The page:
#7 - Boog Powell, 1B/OF (1961-1974)
When Camden Yards opened its doors in 1992, I was at the second game played there with my father and my brother. We walked along a packed Eutaw Street taking in the sights, and when my father saw Boog Powell standing at Boog's BBQ, we had to rush over and get in line. Boog greeted us warmly and signed my Camden Yards inaugural game program, and that was my first exposure to one of the greatest players in Orioles history.
It's funny how many years I felt familiar with Boog Powell because of how visible he is around the park, because until a few years ago I never had any idea how good of a baseball player he actually was. He stopped playing for the Orioles five years before I was born, so the only thing I really knew about him was that he was an old time Oriole and something of a giant.
But man, he was good. After going 1-for-13 over the last five games of the 1961 season, Boog was up for good beginning in 1962. In 1963 he hit 25 home runs and 22 doubles for the Orioles with an OPS+ of 125, and he only got better from there. He broke out in 1964, hitting .290/.399/.606 with 39 home runs.
From 1962-1965, Boog Powell played mostly left field for the Orioles. The O's had Jim Gentile playing first base in '62 and '63, then Norm Siebern (who the O's traded Gentile for) in '64 and '65. But after Siebern left the team, first base belonged to Boog Powell.
In 1966, which we all know as the year of the Orioles first World Series championship, Boog hit .287/.372/.532 with 34 home runs. He came in third place in the A.L. MVP race behind teammates Frank and Brooks Robinson and went 5-for-14 in the World Series against the Dodgers.
After being selected for the first of four consecutive All-Star Games in 1968, Boog again came close to the MVP in 1969. He slugged 37 home runs with a 160 OPS+ but came in second in voting to Harmon Killebrew. But finally, in 1970, he brought home the trophy. He hit 35 home runs with an on-base percentage of .412 that season.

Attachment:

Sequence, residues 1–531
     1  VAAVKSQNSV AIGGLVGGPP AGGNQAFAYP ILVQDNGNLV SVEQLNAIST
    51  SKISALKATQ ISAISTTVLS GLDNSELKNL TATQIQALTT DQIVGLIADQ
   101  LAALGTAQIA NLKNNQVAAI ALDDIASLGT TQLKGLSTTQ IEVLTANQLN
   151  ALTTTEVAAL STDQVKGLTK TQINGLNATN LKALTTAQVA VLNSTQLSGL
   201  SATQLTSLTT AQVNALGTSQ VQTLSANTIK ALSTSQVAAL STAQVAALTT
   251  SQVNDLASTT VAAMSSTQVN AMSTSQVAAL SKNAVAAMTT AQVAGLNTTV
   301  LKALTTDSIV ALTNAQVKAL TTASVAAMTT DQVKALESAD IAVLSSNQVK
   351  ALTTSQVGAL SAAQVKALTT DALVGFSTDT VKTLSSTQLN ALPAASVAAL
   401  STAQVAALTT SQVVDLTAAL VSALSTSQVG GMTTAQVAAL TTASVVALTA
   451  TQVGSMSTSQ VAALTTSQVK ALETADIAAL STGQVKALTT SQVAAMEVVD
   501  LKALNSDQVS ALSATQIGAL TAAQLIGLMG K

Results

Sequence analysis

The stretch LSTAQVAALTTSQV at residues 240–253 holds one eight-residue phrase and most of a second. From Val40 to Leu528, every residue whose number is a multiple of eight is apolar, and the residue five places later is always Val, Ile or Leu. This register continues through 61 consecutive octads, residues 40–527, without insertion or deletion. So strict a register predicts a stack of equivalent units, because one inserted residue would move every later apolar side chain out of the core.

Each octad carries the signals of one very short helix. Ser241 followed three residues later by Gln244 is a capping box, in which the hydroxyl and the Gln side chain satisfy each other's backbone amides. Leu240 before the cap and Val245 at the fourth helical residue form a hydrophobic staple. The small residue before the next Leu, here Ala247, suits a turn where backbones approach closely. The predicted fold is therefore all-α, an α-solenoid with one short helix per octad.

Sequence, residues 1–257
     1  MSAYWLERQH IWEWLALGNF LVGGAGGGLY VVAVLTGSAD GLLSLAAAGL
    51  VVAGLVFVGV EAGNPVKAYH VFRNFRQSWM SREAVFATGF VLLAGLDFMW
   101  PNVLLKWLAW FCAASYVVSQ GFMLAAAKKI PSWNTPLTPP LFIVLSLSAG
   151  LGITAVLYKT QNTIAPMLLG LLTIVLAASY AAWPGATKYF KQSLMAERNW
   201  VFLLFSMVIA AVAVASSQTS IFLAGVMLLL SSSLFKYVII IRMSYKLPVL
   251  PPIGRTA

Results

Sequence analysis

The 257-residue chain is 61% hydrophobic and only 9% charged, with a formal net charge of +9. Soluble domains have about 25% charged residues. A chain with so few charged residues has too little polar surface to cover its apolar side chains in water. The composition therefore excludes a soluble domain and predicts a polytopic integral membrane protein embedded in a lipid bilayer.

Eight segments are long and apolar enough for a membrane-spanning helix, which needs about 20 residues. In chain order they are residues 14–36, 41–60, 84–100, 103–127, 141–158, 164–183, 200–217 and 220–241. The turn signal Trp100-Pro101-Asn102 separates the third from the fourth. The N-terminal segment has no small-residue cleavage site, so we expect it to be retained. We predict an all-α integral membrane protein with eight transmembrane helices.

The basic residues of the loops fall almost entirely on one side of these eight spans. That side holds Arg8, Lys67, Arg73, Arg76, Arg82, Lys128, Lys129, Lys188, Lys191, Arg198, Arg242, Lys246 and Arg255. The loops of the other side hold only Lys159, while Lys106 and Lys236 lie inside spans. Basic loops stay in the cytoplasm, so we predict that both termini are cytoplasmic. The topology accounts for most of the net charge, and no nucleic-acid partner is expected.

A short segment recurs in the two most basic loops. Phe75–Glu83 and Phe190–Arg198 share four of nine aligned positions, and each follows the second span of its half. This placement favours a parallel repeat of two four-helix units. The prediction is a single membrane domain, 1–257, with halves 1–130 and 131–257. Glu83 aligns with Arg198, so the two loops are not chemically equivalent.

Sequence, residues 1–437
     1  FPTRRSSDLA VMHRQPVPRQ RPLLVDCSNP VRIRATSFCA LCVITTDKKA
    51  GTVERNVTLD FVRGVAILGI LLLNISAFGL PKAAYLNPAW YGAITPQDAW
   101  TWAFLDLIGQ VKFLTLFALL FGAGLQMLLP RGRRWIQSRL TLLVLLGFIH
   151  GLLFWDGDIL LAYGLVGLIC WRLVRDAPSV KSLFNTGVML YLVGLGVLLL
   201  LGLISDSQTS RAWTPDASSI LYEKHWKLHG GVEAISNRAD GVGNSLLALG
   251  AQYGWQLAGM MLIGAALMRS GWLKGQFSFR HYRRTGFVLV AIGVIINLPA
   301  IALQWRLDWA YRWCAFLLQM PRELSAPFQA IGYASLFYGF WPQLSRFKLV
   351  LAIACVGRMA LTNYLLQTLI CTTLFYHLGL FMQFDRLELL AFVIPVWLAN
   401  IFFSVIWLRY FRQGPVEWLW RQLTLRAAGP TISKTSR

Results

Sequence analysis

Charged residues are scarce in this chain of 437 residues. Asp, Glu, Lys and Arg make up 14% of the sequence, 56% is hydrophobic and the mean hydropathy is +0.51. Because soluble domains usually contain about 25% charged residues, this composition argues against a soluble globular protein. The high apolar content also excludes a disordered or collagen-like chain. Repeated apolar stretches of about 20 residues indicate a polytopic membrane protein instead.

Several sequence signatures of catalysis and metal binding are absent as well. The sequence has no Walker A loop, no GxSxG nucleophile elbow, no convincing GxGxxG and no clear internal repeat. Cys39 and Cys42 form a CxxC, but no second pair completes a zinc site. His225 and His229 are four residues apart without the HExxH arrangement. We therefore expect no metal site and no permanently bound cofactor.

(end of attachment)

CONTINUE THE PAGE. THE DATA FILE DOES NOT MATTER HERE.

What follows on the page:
Boog Powell played in four World Series with the Orioles, but never was he more on fire in the playoffs than in 1970. In the ALCS with the Minnesota Twins (who didn't stand a chance, really, being swept in three games by a combined score of 27-10), Boog went 6-for-14 with six RBI. And in the World Series against the Reds, he had five hits and five walks in five games, with two home runs.
In 1973-74, Boog's power dropped and he found himself sharing time at first base with Earl Williams. He was still an above-average hitter, just not as good as he used to be. The Orioles traded him to the Cleveland Indians for two players who never contributed much on the field. Boog had a fantastic 1975 with the Indians but fell off the table after that. He retired in 1977 after being released by the Dodgers in August.
Boog Powell was the kind of player that the word slugger was created for. He had four seasons with over 30 home runs. The only Oriole to do it more is Eddie Murray. His 303 home runs as an Oriole ranks third all time behind only Cal Ripken and Murray. But he wasn't just a power hitter, he was also patient. He had a career walk rate of 12.8% and from 1964-1974 he topped 15% four times. His 889 walks is third on the O's all-time list. His total hitting line as an Oriole was .266/.362/.465 (OPS+ 135). He was elected into the Orioles Hall of Fame in 1979.
So there you have it. Boog Powell is not only a successful businessman and local celebrity who signs autographs while you wait for your pit beef sandwich. He is also the seventh best Oriole of all time.